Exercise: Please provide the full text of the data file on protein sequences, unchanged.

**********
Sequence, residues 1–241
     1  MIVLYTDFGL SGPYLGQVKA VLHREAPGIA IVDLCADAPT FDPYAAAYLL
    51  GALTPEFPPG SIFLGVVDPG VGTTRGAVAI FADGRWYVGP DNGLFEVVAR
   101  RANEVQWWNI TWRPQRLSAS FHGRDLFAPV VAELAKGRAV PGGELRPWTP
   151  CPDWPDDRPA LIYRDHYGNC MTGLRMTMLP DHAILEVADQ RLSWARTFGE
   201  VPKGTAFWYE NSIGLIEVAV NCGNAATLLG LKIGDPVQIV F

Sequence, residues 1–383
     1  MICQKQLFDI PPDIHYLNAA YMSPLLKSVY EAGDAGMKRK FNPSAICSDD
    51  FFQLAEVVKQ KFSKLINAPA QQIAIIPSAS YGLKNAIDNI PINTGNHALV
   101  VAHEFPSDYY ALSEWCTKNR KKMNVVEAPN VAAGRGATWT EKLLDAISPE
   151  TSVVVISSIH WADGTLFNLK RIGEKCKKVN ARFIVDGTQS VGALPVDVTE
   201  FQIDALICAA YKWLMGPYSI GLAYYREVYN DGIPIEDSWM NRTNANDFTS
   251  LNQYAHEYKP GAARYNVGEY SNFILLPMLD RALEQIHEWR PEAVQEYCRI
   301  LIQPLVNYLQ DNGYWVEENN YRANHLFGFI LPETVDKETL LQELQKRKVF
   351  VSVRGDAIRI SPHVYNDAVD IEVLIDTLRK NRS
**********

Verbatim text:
Sequence, residues 1–241
     1  MIVLYTDFGL SGPYLGQVKA VLHREAPGIA IVDLCADAPT FDPYAAAYLL
    51  GALTPEFPPG SIFLGVVDPG VGTTRGAVAI FADGRWYVGP DNGLFEVVAR
   101  RANEVQWWNI TWRPQRLSAS FHGRDLFAPV VAELAKGRAV PGGELRPWTP
   151  CPDWPDDRPA LIYRDHYGNC MTGLRMTMLP DHAILEVADQ RLSWARTFGE
   201  VPKGTAFWYE NSIGLIEVAV NCGNAATLLG LKIGDPVQIV F

Sequence, residues 1–383
     1  MICQKQLFDI PPDIHYLNAA YMSPLLKSVY EAGDAGMKRK FNPSAICSDD
    51  FFQLAEVVKQ KFSKLINAPA QQIAIIPSAS YGLKNAIDNI PINTGNHALV
   101  VAHEFPSDYY ALSEWCTKNR KKMNVVEAPN VAAGRGATWT EKLLDAISPE
   151  TSVVVISSIH WADGTLFNLK RIGEKCKKVN ARFIVDGTQS VGALPVDVTE
   201  FQIDALICAA YKWLMGPYSI GLAYYREVYN DGIPIEDSWM NRTNANDFTS
   251  LNQYAHEYKP GAARYNVGEY SNFILLPMLD RALEQIHEWR PEAVQEYCRI
   301  LIQPLVNYLQ DNGYWVEENN YRANHLFGFI LPETVDKETL LQELQKRKVF
   351  VSVRGDAIRI SPHVYNDAVD IEVLIDTLRK NRS